Once Upon a Time
Last week, a week of big announcements from me, the children's book world said goodbye to two of the greatest author/illustrators picture books have ever known. Lois Ehlert was famous for books like Chicka Chicka Boom Boom, Eating the Alphabet, Feathers for Lunch, and many more.
The other great loss is Eric Carle. I've loved seeing all the stories and posts celebrating Eric's work. I feel so lucky that in my life, I had many great experiences reading Eric Carle books, plenty of opportunity to honor him before he left us, and one actual time where I got to be in the same room with him.
|When you bring a toddler to a museum.|
Our last trip to the Carle before quarantine.
|My best friend, Marcus, for scale|
|Met Oliver Jeffers at the Carle Museum|
The Eric Carle Museum of Picture Book Art is a magical place tucked in the hills of Western MA. When I was a 2nd grade teacher, I packed up 20-ish kids and took a 2 hour bus trip there for a field trip. I had a chance to also visit for a special mad hatter tea with my best friend and his family. I drove out a few times by myself to check out new exhibits and meet authors.
Then, there was one very, very special year when I got to attend the Carle Honors Benefit - a gala held annually in New York City. This event features an auction of commissioned artwork by the best illustrators in children's literature and awards given in four categories, "celebrating individuals whose creative vision and dedication are an inspiration to everyone who values picture books and their role in arts education and literacy."
The gala is the most magical night in children's literature with all your favorite authors and illustrators sipping on fancy drinks, eating delicious food, and chatting. All of this, of course, has been hosted and put on by Eric Carle. For a few years, the event offered several sponsored seats to educators. In 2013, having just moved back to Boston, I put my name in for a sponsorship AND THEY CHOSE ME!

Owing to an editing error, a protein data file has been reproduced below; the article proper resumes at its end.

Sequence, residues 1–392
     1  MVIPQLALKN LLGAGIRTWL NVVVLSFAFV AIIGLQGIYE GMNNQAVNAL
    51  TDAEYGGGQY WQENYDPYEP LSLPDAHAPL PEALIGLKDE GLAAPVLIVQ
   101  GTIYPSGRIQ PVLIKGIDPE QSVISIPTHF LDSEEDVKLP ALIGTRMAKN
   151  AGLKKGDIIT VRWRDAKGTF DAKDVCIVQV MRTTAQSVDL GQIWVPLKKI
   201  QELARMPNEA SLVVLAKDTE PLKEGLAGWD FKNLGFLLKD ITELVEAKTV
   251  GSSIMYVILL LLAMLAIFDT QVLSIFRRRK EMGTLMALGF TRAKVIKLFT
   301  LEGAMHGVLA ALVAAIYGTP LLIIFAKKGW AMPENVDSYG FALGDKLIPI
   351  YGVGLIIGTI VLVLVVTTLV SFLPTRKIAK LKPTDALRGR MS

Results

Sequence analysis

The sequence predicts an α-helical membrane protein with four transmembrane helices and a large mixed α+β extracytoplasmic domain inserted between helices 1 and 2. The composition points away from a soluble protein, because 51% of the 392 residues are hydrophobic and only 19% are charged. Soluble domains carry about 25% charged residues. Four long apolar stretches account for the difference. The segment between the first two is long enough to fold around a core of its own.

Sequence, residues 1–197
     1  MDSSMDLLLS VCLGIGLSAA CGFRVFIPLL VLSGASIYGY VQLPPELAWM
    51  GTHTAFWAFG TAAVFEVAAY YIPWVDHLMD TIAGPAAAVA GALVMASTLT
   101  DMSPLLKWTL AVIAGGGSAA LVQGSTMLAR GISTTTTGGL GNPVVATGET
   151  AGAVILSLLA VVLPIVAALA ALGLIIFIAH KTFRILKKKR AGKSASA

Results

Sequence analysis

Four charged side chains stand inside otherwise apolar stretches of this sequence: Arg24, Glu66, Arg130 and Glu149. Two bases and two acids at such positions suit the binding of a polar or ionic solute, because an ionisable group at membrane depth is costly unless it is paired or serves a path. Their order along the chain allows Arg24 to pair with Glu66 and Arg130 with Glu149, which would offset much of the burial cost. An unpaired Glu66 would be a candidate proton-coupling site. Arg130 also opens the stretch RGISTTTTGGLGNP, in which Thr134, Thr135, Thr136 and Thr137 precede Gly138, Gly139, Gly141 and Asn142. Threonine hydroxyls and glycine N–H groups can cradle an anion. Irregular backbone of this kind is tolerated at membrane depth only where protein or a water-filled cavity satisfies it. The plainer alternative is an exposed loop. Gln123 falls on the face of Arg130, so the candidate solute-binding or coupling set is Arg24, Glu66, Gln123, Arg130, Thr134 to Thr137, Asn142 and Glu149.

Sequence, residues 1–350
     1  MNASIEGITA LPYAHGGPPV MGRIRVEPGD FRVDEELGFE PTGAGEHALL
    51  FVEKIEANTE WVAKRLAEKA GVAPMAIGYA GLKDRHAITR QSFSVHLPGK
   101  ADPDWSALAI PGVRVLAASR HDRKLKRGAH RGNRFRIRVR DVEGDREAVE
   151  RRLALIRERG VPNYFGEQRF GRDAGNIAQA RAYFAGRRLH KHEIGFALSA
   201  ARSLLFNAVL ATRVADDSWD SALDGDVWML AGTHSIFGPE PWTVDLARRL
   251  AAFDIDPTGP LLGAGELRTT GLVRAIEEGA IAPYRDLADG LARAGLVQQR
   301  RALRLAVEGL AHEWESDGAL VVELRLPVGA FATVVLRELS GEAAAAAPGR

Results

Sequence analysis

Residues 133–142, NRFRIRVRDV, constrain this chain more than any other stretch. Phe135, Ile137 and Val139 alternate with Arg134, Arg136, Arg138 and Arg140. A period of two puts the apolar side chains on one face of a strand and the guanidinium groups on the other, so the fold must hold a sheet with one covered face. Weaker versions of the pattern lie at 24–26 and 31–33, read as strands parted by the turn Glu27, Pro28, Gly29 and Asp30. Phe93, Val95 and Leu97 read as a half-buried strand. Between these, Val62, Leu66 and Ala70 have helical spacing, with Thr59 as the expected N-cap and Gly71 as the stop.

I missed two days of school to travel to the city, got my hair done at a fancy spot, put on a new dress I picked out for the occasion and took an Uber to Guastavinos. I showed up, got checked in, walked in the doors and immediately in front of me was Eric Carle talking to Jerry Pinkney. In an instant, instead of feeling excited, I regretted my decision, imposter syndrome absorbing me. I turned right around and ran to the bathroom. There I hid in a stall and texted my sister wondering what was I thinking for coming to a place I clearly didn't belong. How could I, nobody really, even begin to insert myself into a conversation with my most revered group of people in the world??
Jessie reminded me that I had come this far, was all dressed up, and needed to suck it up and get out there. So I took a deep breath, took a selfie in the bathroom mirror so I had at least some evidence that once upon a time I was there, and walked out.
|Proof! Photo by Johnny Wolf Photography 2013|
I found myself in a circle of people including Jon Scieszka and Tony DiTerlizzi. Despite being starstruck, I managed to have a conversation with them and even thought to let Tony know that my favorite high school teacher was a huge fan of his work. Later I got to sit in the 3rd row to see Eric speak and the awards given out.
I'm so glad I got myself out of that bathroom and managed to enjoy a bit of the night. Mostly I shuffled around, awkwardly trying to talk to anyone who would talk to me. I doubt anyone even remembers I was there. However, for that one night I felt honored and proud to be there, even if nobody else noticed me. More than anything I wish I had had a chance to say thank you to Eric. Thank you for the books, for the museum, for the evening, and for welcoming teachers into a night that was so special.